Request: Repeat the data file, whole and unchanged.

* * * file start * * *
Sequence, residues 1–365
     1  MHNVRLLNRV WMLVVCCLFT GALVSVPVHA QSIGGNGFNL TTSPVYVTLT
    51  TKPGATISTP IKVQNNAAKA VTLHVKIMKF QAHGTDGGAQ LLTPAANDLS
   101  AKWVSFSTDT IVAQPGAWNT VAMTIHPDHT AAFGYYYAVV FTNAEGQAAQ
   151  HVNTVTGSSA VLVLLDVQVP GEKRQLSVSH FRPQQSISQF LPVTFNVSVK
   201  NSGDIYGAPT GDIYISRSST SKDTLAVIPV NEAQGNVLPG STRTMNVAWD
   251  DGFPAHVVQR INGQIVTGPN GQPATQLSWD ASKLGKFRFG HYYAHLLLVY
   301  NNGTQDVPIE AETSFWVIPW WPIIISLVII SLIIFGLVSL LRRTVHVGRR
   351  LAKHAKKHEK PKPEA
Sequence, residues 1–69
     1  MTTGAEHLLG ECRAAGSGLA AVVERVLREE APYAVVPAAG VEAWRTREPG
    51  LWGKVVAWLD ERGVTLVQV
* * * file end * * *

Sequence, residues 1–365
     1  MHNVRLLNRV WMLVVCCLFT GALVSVPVHA QSIGGNGFNL TTSPVYVTLT
    51  TKPGATISTP IKVQNNAAKA VTLHVKIMKF QAHGTDGGAQ LLTPAANDLS
   101  AKWVSFSTDT IVAQPGAWNT VAMTIHPDHT AAFGYYYAVV FTNAEGQAAQ
   151  HVNTVTGSSA VLVLLDVQVP GEKRQLSVSH FRPQQSISQF LPVTFNVSVK
   201  NSGDIYGAPT GDIYISRSST SKDTLAVIPV NEAQGNVLPG STRTMNVAWD
   251  DGFPAHVVQR INGQIVTGPN GQPATQLSWD ASKLGKFRFG HYYAHLLLVY
   301  NNGTQDVPIE AETSFWVIPW WPIIISLVII SLIIFGLVSL LRRTVHVGRR
   351  LAKHAKKHEK PKPEA
Sequence, residues 1–69
     1  MTTGAEHLLG ECRAAGSGLA AVVERVLREE APYAVVPAAG VEAWRTREPG
    51  LWGKVVAWLD ERGVTLVQV